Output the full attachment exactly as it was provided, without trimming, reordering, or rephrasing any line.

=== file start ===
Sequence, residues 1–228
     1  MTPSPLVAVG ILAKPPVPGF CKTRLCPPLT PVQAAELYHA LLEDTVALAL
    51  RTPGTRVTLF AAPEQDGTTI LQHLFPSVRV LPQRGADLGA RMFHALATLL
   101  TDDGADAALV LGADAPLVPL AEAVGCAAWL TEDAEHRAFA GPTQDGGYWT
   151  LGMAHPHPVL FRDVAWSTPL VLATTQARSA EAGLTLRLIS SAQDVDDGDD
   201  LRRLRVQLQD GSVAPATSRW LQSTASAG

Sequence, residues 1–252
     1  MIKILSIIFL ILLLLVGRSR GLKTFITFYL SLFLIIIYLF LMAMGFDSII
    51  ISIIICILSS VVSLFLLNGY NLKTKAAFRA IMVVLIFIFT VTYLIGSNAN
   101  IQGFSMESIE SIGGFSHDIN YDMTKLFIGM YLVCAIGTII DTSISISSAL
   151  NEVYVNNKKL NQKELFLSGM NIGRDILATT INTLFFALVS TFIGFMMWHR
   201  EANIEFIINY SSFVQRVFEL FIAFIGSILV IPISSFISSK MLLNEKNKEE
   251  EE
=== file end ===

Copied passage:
Sequence, residues 1–228
     1  MTPSPLVAVG ILAKPPVPGF CKTRLCPPLT PVQAAELYHA LLEDTVALAL
    51  RTPGTRVTLF AAPEQDGTTI LQHLFPSVRV LPQRGADLGA RMFHALATLL
   101  TDDGADAALV LGADAPLVPL AEAVGCAAWL TEDAEHRAFA GPTQDGGYWT
   151  LGMAHPHPVL FRDVAWSTPL VLATTQARSA EAGLTLRLIS SAQDVDDGDD
   201  LRRLRVQLQD GSVAPATSRW LQSTASAG

Sequence, residues 1–252
     1  MIKILSIIFL ILLLLVGRSR GLKTFITFYL SLFLIIIYLF LMAMGFDSII
    51  ISIIICILSS VVSLFLLNGY NLKTKAAFRA IMVVLIFIFT VTYLIGSNAN
   101  IQGFSMESIE SIGGFSHDIN YDMTKLFIGM YLVCAIGTII DTSISISSAL
   151  NEVYVNNKKL NQKELFLSGM NIGRDILATT INTLFFALVS TFIGFMMWHR
   201  EANIEFIINY SSFVQRVFEL FIAFIGSILV IPISSFISSK MLLNEKNKEE
   251  EE